We observed differences in the comorbidity reported for arrhythmia by group analysis and were related to where the patients were treated. Thus, patients admitted to the department of internal medicine were older, more had DM or previous thromboembolic disease, and fewer had structural heart disease.

We also observed significant differences in the treatments given to patients admitted to the 2 departments, even after multivariate analysis. However, being admitted to the cardiology department did not mean that anticoagulant treatment was less likely, because the variations in patient management were attributable to differences in the patients' clinical profiles.

The low level of utilization of cardioversion is attributable to the fact that we were studying a group of patients who had been admitted to the department after being seen by the emergency service, and who had not reverted to sinus rhythm. This implies that only rarely could the duration of the arrhythmia be established as less than 48 hours. On the other hand, all patients with first-episode AF who were discharged in AF had some thromboembolic risk factors. In our opinion, the presence of these thromboembolic risk factors, although not specifically covered by clinical practice guidelines, contraindicates the use of cardioversion without previous anticoagulant therapy.

Finally, in the light of the results of the present study, we feel that we should comment on the value of the studies used to establish recommendations on the number of patients in AF who should receive anticoagulation therapy, and of the studies that have investigated the level of compliance achieved in clinical practice with recommendations for anticoagulation therapy. Within the last few years, numerous studies have been published on these topics, both in Spain22­26 and in other countries.27­29 Without doubt, these studies have helped to optimize the use of therapy and have also raised the issue of using anticoagulants in groups of patients in whom their use was unthinkable until recently.30­32 However, AF is usually regarded as a homogeneous clinical entity, or at best, only permanent and non-permanent forms of the arrhythmia are taken into account.24,33 Nevertheless, comparisons have sometimes been made between the therapeutic guidelines used in different levels of healthcare.33­35 As a result, differences in patient management have been attributed to different levels of knowledge or to different approaches to the condition, without taking into account--as our study demonstrates--that patients with AF present with a variety of clinical characteristics. Moreover, these characteristics and the overall clinical picture vary according to the department where patients are treated, and consequently, different therapeutic recommendations and approaches may be required.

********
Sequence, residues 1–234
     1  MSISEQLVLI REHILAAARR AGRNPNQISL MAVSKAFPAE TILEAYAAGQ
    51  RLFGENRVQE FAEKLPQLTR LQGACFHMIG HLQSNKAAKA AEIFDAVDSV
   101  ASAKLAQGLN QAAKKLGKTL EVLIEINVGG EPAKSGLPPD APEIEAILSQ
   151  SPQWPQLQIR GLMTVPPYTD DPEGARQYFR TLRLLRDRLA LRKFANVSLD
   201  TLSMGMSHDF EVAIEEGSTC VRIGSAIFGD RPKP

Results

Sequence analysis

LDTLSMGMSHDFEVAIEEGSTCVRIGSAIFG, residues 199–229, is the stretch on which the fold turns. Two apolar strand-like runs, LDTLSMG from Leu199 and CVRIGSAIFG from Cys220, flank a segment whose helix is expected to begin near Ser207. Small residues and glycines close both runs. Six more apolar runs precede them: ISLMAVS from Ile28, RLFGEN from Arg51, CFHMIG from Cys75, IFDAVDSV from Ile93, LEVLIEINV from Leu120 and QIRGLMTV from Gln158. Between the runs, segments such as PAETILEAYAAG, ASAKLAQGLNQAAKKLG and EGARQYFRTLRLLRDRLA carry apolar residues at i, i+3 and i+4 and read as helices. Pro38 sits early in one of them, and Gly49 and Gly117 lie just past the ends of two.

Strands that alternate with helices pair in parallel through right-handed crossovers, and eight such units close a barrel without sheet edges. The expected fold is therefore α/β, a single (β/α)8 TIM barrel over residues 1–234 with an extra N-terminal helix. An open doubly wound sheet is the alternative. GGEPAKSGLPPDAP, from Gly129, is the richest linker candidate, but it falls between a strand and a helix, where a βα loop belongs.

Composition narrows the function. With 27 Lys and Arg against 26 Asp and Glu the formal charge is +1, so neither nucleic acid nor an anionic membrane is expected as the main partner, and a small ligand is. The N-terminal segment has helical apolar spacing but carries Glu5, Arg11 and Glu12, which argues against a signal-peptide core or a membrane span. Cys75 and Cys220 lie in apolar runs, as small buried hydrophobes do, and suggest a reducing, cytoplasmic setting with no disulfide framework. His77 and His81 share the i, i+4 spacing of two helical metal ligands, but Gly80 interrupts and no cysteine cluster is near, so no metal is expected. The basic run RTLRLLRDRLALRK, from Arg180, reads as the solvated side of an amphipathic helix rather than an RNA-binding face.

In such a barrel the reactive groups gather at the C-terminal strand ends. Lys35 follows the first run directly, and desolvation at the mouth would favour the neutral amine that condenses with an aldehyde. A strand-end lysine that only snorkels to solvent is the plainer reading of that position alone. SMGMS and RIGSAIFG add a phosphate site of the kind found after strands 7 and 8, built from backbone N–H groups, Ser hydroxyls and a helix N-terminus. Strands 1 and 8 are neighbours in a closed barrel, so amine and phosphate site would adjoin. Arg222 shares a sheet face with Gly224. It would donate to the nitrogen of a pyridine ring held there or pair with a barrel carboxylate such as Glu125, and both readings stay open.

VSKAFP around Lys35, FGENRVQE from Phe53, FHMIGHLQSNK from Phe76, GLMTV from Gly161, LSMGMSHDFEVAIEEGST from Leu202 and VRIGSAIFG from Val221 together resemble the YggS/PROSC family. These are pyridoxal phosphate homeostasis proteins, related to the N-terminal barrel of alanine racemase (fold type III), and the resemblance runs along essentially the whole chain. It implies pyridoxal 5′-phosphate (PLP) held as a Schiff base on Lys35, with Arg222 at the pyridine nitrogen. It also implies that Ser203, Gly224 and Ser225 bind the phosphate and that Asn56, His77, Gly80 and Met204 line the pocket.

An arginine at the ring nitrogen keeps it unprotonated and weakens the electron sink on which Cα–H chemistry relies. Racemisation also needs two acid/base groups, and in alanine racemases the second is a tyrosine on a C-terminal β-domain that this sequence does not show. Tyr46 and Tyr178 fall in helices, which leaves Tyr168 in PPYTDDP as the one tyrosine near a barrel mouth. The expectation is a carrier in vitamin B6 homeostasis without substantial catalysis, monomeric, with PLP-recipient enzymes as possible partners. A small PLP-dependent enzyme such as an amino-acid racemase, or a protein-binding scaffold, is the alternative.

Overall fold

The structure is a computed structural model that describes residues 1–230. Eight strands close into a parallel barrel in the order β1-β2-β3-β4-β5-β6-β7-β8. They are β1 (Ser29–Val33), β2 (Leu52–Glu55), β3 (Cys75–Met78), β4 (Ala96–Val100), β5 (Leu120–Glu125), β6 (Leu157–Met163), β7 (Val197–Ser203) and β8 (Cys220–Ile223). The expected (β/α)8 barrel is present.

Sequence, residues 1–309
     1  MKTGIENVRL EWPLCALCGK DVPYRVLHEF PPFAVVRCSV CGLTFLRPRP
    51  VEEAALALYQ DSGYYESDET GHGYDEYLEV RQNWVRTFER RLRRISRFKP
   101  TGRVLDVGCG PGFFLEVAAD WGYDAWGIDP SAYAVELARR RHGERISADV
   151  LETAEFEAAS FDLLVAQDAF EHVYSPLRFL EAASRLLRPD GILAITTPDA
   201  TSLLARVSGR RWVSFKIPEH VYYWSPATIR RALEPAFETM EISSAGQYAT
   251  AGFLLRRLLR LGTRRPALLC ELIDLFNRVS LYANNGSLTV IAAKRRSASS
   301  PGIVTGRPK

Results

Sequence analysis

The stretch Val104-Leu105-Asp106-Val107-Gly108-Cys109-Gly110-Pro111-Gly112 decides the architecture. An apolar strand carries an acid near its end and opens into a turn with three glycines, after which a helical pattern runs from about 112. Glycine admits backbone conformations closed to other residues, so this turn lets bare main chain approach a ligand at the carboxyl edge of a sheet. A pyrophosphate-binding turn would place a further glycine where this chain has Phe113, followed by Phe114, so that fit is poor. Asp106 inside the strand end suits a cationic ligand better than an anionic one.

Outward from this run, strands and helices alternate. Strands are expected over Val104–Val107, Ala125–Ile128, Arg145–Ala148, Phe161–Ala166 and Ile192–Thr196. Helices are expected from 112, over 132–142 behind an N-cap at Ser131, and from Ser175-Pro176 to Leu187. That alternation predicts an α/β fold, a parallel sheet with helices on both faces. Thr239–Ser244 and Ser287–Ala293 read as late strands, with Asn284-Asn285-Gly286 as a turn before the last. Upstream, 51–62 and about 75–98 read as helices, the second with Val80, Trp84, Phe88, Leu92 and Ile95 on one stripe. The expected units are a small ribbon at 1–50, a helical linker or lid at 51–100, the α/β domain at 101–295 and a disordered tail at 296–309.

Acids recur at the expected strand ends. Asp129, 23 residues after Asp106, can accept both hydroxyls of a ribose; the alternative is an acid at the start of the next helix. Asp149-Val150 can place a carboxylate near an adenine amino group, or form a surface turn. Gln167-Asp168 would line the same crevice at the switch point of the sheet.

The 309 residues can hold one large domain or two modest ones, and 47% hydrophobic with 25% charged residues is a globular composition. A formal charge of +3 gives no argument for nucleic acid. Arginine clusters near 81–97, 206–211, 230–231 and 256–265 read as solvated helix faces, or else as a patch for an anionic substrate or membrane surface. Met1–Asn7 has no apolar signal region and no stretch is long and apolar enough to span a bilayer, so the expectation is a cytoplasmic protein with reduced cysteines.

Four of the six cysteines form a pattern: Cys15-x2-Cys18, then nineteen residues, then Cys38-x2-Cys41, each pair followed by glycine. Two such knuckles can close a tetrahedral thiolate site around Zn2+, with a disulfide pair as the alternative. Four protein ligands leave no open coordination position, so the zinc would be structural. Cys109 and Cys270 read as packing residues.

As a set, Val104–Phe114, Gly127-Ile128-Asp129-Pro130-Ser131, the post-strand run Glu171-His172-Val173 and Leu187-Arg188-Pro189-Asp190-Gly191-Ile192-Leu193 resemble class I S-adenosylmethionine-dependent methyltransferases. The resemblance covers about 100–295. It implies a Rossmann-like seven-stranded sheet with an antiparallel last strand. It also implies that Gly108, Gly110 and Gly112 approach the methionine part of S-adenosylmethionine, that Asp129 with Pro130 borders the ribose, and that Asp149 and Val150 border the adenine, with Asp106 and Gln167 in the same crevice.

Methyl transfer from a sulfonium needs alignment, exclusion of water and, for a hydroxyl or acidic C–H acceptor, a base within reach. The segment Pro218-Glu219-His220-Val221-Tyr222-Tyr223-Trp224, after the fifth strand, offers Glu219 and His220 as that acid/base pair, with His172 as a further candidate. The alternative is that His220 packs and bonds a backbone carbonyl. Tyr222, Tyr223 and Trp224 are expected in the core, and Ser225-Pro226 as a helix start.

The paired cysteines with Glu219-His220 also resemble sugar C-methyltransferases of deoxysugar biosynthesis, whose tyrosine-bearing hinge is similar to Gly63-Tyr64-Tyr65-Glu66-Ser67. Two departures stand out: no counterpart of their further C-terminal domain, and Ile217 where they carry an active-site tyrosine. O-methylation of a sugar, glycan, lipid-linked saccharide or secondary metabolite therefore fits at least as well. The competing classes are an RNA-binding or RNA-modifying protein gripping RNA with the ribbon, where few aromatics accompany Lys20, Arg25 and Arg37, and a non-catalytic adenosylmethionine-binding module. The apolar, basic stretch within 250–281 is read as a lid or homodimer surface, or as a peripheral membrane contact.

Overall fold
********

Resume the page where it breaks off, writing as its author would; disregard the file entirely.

The study was retrospective and was carried out at a single center. Therefore, it can only describe the situation at the center where it was carried out, and does not necessarily reflect the general situation. However, the study data do not differ greatly from those provided by the few other available studies.6 We believe that similar studies carried out in centers with specialized arrhythmia units for patients from cardiology departments, in primary care centers, in emergency departments, or in cardiology clinics would produce different results.

Although the patients we investigated were hospitalized for arrhythmias that, in most cases, had lasted longer than 24 hours, it was not possible to tell how much time had passed between the start of arrhythmia and reversion to sinus rhythm (when this occurred), because patients were not monitored after transfer from the emergency department to the in-patient department. As a result, it was not possible to evaluate the therapeutic approach used for well-defined clinical situations such as AF of very short duration.


The clinical characteristics of AF in hospitalized patients are heterogeneous, and the pattern of clinical presentation varies depending on the hospital department studied. Permanent AF is present in only one-third of the patients admitted to cardiology, and first-episode AF is the most common form of presentation. Being discharged in AF is the main determinant of the therapeutic approach used.

Correspondence: Dr. E. Vázquez Ruiz de Castroviejo.
Navas de Tolosa, 4 y 6, P-1, 6.o M. 23003 Jaén. España.